The following message is posted on the board.
Fold a sheet of paper into fourths. Write and solve a equation for each of the four operations. Please include at least one decimal in each problem.
This warm- up is designed to students remember what they have earned about working with decimals in each of the operations. It is a tool for refreshing their memory and it will provide a model as they solve more problems during class.
In the interest of time, I ask students to check their work with a calculator*
Before moving on, students share what they know about adding, subtracting, multiplying, and dividing with decimals by sharing examples on the board and explaining their thinking.
*Note about calculator use:
I my class, calculators are used to check understanding rather than merely provide answers. Part of the classroom culture that I have worked to establish is for students to value effort, process, and mistakes because math is also about the journey, not just the destination. Calculators allow students to get immediate feedback about their work so they can check for any errors on the spot. Another added bonus is that students learn how to use this tool correctly. They will use these real world tools throughout their lives.
I connect the students back to the vobackulary game at beginning of this unit by asking them find someone in the class who shared the same vobackulary word that they had. Together, they talk about their word, and why they think it belongs on the list.
Some students' don't know why their word was on the list, or what it means yet because we haven't completed the topic, there are still words that haven't been used in class. Other students' words have been used regularly but they are not confident in the meaning, or sure why it fits on this list. The benefit of having more than one student with the same word is that collaboration is built in.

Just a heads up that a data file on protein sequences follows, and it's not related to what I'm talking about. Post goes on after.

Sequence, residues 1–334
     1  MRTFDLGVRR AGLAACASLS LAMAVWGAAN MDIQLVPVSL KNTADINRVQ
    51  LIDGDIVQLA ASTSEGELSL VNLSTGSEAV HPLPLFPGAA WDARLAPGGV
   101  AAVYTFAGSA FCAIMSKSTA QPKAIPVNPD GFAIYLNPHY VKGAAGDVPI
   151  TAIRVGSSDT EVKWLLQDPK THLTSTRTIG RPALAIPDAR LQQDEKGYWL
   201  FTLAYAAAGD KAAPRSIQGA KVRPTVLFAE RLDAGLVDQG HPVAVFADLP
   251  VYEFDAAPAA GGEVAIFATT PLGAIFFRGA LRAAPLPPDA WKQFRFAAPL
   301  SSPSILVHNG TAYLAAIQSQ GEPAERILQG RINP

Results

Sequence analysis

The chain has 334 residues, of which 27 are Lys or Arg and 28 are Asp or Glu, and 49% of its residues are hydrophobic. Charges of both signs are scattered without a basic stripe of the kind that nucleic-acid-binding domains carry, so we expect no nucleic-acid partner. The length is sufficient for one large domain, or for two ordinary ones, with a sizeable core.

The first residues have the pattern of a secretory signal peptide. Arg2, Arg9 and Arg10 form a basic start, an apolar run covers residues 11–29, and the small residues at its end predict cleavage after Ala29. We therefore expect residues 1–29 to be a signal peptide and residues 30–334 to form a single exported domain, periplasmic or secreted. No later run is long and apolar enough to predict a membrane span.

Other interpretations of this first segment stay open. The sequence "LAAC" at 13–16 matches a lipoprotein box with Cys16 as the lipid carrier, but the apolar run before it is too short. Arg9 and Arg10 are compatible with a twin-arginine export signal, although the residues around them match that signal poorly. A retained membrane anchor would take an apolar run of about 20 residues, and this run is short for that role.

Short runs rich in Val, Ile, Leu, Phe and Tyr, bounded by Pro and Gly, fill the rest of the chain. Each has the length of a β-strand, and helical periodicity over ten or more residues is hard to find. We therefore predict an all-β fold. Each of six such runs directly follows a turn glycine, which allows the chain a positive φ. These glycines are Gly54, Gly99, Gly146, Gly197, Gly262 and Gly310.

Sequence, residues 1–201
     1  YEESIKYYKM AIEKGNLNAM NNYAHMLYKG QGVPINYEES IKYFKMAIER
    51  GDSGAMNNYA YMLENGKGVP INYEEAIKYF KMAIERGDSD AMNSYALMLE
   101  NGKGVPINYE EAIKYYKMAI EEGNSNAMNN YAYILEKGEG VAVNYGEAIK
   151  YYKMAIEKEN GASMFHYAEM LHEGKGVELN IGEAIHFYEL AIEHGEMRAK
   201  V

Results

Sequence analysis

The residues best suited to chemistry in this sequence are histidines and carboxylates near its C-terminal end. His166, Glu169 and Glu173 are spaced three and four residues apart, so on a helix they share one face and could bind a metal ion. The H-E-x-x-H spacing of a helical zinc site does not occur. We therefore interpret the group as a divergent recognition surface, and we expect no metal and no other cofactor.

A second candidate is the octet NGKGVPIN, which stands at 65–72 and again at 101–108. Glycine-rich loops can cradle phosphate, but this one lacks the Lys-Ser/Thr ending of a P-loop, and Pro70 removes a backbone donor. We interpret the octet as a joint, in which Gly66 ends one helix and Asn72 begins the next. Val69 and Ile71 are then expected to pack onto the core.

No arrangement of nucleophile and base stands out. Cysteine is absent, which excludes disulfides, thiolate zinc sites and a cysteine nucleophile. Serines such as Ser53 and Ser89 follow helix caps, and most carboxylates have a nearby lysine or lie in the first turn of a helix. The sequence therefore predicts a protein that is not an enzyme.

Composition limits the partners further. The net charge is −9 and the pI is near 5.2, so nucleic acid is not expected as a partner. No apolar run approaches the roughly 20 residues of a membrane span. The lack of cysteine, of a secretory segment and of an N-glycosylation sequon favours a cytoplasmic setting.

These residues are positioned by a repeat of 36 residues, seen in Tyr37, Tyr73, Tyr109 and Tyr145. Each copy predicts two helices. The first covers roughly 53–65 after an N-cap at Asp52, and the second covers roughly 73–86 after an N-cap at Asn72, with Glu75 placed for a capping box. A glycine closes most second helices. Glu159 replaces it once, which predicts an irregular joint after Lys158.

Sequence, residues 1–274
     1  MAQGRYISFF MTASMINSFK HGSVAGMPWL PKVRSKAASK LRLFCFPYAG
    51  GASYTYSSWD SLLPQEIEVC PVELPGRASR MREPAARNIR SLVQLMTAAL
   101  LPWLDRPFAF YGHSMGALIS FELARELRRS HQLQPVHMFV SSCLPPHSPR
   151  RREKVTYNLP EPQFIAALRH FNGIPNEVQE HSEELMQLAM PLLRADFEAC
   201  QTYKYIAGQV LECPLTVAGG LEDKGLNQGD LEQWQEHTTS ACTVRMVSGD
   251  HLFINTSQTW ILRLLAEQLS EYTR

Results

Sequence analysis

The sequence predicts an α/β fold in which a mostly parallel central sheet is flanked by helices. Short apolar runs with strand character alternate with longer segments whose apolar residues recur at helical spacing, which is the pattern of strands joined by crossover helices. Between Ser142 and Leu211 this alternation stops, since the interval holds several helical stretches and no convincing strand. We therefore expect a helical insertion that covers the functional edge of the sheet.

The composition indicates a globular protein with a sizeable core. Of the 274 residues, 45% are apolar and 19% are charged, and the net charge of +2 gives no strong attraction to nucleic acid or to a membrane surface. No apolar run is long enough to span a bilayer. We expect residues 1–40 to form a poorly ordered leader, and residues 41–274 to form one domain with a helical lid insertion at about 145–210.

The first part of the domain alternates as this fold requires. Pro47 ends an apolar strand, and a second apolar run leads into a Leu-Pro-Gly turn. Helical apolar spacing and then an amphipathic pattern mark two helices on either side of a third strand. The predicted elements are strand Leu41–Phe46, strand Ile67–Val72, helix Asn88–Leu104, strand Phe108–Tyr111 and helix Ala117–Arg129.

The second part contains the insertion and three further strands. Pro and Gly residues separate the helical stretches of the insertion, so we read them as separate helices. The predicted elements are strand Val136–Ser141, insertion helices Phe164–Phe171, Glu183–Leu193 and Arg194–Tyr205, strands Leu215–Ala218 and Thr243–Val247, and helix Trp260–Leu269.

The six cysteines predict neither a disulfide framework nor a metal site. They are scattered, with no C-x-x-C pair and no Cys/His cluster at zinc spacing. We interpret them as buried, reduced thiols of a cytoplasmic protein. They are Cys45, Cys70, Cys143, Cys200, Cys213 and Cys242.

I write this expression on the board.
[(32 + .03)/3] + 30f f = 7
I ask the students to look at this algebraic expression and compare it with the others we have been solving this week. Students notice that is has brackets and decimals.
We solve this expression together. I emphasize that this problem appears to be a bit more challenging at first because it includes decimals. But as we solve it together, the students can see that the same order of operations applies.
Students work in pairs to simplify more expressions.
After they "prove they can do it their own" by simplifying three expressions, students are given the choice to use a calculator.
This allows the students to continue to practice PE MD AS* without becoming bogged down by the computations. Is is an example of when I really ask myself what my objective is. I want the students to simplify expressions, they have sufficient time to practice multiplying and dividing with decimals - therefore, I allow them to use a calculator to do the computations so they can focus on the order of operations.
*When I write the order of operations, I usually write it
This helps the students visually see that multiplication and division fall on the same step in this order of operations, so they must be solved left to right.
The same goes for addition and subtraction.
I like to write it vertically so that students can begin to break the mold of solving equations from left to right.
This is the last day that I plan to focus on order of operations so as a ticket out, I ask students to write a reflection (3 faces) about evaluating expressions. I can use these reflections to help create warm-ups and small groups to differentiate instruction and help all students master this standard as the year moves on.
Some students are over confident in their ability to solve problems with more than one operation. I am careful to check their work for common errors. These errors include:
• always multiplying before dividing: if an equation has multiplication and division operations, these must be solved from left to right.
• always adding before subtracting
• When there are multiple operations within a set of parenthesis the order of operations must be applied here too. Many times students will work left to right within a set of parenthesis.